Robots Exclusion Standard

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The robots exclusion standard or robots.txt protocol is a convention to prevent cooperating web spiders and other web robots from accessing all or part of a website. The information specifying the parts that should not be accessed is specified in a file called robots.txt in the top-level directory of the website.

The robots.txt patterns are matched by simple substring comparisons, so care should be taken to make sure that patterns matching directories have the final '/' character appended: otherwise all files with names starting with that substring will match, rather than just those in the directory intended.


This example allows all robots to visit all files because the wildcard "*" specifies all robots.

User-agent: *

This example keeps all robots out:

User-agent: *
Disallow: /

The next is an example that tells all crawlers not to enter into four directories of a website:

User-agent: *
Disallow: /cgi-bin/
Disallow: /images/
Disallow: /tmp/
Disallow: /private/

Example that tells a specific crawler not to enter one specific directory:

User-agent: BadBot
Disallow: /private/

Example demonstrating how comments can be used:

# Comments appear after the "#" symbol at the start of a line, or after a directive
User-agent: * # match all bots
Disallow: / # keep them out


In order to prevent access to all pages by robots,

Disallow: *

is not appropriate as this is not a stable standard extension. For example, despite the fact that Google claims support for this tag[1], it in fact does not[2].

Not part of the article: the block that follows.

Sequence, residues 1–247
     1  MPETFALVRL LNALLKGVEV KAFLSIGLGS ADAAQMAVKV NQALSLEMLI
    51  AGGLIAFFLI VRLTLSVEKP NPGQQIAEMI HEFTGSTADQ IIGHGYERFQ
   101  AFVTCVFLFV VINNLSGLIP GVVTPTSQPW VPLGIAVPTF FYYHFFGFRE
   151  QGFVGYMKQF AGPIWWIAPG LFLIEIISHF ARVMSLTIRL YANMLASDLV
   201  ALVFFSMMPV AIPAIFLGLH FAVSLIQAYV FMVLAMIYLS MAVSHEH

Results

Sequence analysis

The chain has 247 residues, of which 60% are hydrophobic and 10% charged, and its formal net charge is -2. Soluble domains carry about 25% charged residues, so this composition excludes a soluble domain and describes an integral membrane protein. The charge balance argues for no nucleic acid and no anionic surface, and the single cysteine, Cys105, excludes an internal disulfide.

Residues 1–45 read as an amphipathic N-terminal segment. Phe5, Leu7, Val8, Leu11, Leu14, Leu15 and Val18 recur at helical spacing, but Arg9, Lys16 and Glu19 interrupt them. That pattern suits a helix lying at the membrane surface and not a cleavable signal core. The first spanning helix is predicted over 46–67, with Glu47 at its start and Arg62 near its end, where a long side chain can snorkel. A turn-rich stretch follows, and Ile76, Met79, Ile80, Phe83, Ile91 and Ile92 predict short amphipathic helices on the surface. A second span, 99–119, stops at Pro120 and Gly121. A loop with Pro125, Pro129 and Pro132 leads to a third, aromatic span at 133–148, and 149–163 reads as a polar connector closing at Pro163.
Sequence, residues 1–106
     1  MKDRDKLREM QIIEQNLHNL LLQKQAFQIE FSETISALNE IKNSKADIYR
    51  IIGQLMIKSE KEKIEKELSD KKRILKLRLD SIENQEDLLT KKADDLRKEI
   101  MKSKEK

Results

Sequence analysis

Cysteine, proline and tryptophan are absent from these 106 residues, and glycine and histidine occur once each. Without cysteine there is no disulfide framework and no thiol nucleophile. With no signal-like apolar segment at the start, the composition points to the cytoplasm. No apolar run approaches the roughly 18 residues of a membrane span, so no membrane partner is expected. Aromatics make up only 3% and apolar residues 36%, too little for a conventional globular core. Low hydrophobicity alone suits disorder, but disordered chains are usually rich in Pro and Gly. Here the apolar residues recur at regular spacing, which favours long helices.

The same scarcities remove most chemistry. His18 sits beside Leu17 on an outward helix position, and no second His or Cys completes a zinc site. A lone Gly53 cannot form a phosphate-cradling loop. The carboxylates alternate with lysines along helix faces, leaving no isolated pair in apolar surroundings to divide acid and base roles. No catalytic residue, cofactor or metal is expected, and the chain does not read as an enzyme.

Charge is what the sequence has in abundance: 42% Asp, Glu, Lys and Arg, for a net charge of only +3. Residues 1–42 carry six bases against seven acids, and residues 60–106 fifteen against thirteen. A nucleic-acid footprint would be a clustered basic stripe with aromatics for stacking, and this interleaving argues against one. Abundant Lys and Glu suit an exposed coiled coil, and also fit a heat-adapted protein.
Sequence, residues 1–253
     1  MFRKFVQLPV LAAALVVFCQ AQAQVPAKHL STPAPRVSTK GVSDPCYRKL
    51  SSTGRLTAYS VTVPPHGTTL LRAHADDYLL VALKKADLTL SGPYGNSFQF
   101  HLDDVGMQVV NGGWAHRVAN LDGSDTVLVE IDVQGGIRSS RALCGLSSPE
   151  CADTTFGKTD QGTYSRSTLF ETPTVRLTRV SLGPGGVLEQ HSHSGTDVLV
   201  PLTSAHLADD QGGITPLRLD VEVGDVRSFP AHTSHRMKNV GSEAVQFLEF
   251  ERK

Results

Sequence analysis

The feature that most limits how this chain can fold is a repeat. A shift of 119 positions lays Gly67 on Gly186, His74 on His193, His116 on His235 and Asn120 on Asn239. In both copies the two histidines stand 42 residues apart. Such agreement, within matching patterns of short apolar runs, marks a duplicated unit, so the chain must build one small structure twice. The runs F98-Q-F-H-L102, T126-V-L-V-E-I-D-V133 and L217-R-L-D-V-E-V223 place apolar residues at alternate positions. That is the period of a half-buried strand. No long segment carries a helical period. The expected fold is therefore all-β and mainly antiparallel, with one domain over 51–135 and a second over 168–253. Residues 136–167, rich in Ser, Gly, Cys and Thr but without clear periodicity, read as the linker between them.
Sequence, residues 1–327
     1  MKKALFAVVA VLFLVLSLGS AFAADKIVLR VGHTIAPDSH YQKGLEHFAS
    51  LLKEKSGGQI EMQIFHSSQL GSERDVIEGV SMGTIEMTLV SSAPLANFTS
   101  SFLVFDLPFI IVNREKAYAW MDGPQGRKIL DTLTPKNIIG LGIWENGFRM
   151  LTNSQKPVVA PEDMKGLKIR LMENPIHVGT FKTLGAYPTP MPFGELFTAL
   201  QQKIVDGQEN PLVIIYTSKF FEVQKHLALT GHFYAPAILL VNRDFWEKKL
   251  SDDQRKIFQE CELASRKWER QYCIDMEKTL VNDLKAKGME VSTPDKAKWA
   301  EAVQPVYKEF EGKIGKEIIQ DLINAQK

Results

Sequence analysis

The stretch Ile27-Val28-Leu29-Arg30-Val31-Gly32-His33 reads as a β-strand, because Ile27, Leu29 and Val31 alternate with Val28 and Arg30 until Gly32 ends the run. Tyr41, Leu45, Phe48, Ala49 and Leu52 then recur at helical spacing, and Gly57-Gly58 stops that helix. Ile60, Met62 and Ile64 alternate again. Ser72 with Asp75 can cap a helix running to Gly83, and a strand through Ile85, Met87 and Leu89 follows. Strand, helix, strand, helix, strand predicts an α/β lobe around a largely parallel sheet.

Disallow: /

should be used.


robots.txt is older and more widely accepted, but there are other methods (which can be used together with robots.txt) that allow greater control, like disabling indexing of images only or disabling archiving of page contents.

HTML meta tags for robots

HTML meta tags can be used to exclude robots according to the contents of web pages. Again, this is purely advisory, and also relies on the cooperation of the robot programs. For example,

<meta name="robots" content="noindex,nofollow" />

within the HEAD section of an HTML document tells search engines such as Google, Yahoo!, or MSN to exclude the page from its index and not to follow any links on this page for further possible indexing.

(See HTML Author's Guide to the Robots META tag.)

Directives within a page

The <NOINDEX> tag is a non-standard HTML tag whose intent is to indicate portions of a page that should not be indexed, such as common navigation or footer. Using it without a namespace will make XHTML pages invalid.

Google uses comments for the same purpose: <!--googleoff: index--> ... <!--googleon: index-->

See also



External links